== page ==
Movies and video games have long been one-sided relationships, often entailing one party (moviemaker) offering captivating experiences that rivet audiences and the other (gamemaker) spouting cringe-worthy lines between a series of explosions.
While budgets and ridiculously slim production schedules have hurt licensed games tied to movies in the past, video game enthusiasts can expect more hits like The Chronicles of Riddick: Escape From Butcher Bay and GoldenEye 007 to deliver satisfying gameplay in the future.
A little background: Licensed games are based on an existing property, such as a movie. They have to fill many more hours of gameplay than the original product's screen time and sometimes mix genres of games to get the job done. Budgets often are slim, since much of the money goes to purchase the license to use the title, and production time is frequently limited. All this leads to quality complaints and charges that the games are often mediocre.
Licensed video games have suffered from compacted budgets and small production windows, as the developers have often been tasked with releasing their work in time to float on the surge of the blockbuster movies that birth the tie-in titles.
The budgets for licensed video games are slim themselves. It's the budget for development of those games that gets cut after publishers guarantee a set amount of revenue to the licensing parties, according to John Blackburn, president of Disney's Avalanche Software.
"That's going to be right off the top ... a minimum guarantee," Blackburn stated in a 2013 interview. "Because of the way those contracts work, it's more expensive to make those games. So a lot of the time, the development budgets go down because of that."
As the video games industry continues to grow, the film industry is increasingly giving software publishers and developers the freedom necessary to create titles that do justice to the licenses.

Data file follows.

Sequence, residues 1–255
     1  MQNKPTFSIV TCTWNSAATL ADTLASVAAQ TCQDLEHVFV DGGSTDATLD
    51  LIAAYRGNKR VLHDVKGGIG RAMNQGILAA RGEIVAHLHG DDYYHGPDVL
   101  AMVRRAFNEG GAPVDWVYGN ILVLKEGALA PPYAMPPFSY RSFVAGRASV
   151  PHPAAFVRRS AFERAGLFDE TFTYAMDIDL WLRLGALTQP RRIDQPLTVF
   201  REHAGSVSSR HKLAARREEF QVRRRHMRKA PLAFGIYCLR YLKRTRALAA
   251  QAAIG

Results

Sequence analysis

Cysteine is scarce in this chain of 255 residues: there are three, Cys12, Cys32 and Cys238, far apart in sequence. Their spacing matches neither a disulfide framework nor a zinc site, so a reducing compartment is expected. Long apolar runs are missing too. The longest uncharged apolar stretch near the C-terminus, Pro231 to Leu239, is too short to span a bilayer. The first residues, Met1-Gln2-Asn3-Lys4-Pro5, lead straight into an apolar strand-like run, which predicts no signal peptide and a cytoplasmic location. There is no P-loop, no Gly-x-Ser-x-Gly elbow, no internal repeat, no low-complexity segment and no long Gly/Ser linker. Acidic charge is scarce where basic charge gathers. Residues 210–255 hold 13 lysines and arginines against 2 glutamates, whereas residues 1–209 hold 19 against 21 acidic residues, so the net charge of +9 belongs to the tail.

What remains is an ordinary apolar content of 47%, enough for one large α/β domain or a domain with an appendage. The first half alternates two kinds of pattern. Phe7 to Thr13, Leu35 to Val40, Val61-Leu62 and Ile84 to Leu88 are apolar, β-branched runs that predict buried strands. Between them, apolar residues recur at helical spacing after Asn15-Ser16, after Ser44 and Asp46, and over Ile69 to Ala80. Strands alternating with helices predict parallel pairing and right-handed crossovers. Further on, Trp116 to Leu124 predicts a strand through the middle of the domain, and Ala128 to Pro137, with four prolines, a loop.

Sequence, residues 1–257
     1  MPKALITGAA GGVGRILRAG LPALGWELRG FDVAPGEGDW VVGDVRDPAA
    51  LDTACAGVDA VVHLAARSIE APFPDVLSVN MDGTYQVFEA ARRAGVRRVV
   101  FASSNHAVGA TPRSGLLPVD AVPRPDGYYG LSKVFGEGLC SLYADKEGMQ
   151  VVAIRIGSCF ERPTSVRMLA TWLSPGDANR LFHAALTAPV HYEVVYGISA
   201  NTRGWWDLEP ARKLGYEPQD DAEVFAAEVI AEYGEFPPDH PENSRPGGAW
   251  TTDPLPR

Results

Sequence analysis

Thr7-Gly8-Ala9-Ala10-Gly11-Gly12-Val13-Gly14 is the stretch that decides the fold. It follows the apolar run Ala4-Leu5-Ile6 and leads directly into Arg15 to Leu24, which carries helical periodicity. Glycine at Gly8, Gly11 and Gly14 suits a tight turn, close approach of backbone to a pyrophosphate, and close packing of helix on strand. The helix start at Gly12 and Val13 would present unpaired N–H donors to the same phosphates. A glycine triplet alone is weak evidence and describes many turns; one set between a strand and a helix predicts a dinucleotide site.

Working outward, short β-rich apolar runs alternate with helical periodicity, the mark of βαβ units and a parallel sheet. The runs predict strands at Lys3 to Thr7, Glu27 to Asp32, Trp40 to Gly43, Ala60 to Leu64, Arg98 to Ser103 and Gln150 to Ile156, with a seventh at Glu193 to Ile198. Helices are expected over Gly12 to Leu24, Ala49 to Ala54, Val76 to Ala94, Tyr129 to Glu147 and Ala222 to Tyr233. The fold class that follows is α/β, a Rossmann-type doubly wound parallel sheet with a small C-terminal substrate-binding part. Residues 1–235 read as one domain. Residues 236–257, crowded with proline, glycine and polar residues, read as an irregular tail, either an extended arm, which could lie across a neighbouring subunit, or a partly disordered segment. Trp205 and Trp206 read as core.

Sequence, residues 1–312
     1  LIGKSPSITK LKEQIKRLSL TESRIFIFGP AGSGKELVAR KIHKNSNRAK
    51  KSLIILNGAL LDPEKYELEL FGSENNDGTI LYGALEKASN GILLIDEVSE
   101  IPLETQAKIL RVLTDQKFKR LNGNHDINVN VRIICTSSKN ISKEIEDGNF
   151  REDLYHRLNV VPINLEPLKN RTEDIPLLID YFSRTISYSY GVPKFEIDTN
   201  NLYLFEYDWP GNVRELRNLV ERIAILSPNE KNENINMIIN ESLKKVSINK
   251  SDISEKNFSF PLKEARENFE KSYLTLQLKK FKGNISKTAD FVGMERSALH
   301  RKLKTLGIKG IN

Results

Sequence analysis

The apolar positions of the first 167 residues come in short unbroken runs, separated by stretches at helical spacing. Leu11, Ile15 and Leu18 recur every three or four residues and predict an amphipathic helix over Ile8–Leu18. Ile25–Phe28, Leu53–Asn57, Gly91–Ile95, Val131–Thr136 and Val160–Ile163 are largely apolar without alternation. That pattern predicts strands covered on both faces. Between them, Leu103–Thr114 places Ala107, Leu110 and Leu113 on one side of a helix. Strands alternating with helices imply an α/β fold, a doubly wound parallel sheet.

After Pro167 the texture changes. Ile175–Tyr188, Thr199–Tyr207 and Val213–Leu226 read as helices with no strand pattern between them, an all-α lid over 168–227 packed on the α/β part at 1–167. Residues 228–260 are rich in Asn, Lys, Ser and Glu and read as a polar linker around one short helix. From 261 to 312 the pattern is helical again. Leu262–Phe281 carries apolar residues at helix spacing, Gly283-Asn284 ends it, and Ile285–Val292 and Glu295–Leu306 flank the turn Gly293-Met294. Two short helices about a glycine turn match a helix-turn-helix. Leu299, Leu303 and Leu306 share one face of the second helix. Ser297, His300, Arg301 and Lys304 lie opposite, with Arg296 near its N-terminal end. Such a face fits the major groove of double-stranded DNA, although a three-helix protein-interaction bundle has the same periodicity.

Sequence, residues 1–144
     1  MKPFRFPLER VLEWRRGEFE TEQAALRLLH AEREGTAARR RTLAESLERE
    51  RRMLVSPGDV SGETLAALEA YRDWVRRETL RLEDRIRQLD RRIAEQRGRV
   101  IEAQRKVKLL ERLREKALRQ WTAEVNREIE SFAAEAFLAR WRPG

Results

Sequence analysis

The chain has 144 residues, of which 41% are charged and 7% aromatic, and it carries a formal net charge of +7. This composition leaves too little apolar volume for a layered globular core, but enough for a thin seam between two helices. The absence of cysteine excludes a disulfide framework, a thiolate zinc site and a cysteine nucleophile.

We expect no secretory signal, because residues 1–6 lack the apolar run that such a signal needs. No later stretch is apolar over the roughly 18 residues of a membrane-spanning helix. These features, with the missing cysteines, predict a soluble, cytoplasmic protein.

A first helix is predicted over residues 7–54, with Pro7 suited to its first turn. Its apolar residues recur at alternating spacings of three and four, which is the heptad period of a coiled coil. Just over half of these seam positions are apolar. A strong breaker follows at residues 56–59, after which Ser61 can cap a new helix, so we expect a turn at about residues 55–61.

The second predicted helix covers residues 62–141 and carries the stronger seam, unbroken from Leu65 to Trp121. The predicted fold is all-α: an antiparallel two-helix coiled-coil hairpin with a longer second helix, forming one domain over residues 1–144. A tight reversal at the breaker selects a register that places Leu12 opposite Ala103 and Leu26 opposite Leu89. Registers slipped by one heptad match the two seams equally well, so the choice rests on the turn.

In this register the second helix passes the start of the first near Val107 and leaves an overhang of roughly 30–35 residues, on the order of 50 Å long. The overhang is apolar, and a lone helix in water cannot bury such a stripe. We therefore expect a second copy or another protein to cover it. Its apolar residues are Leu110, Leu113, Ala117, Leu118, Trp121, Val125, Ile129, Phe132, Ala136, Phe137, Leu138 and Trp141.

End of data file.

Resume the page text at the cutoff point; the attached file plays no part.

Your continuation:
In the case of Alien Isolation, the third try with Fox' Alien license was the charm. Alien: Colonial Marines was a flop that resulted in a huge legal mess, but developer Creative Assembly's go at the Alien license saw the creation of a game that did what great games do -- it explored a new formula, in which gamers play hide-and-seek with H.R. Giger's nightmarish creation.
Another sign that things have changed is the success of Middle-earth: Shadow of Mordor, a game created by a Warner Bros. subsidiary and based on licenses held by the studio. Like Alien Isolation, the Shadow of Mordor stays within the Lord of the Rings universe without clinging to the film series' script.
Flung-around grabs for cash aren't going away anytime soon, not with the mobile gaming industry thriving. It's now more affordable than ever for licensed video games to be developed and released alongside summer blockbusters, but there's still reason to believe the latest Alien title isn't an isolated case and other LOTR games will burn bright within Mordor's shadow.
Warner Bros. is preparing for another outing with one of its licenses: Mad Max. And Electronic Arts, holder of Disney's Star Wars license, is hopefully giving Dice the time and resources to make Star Wars: Battlefront as entertaining as the game's first trailer looked.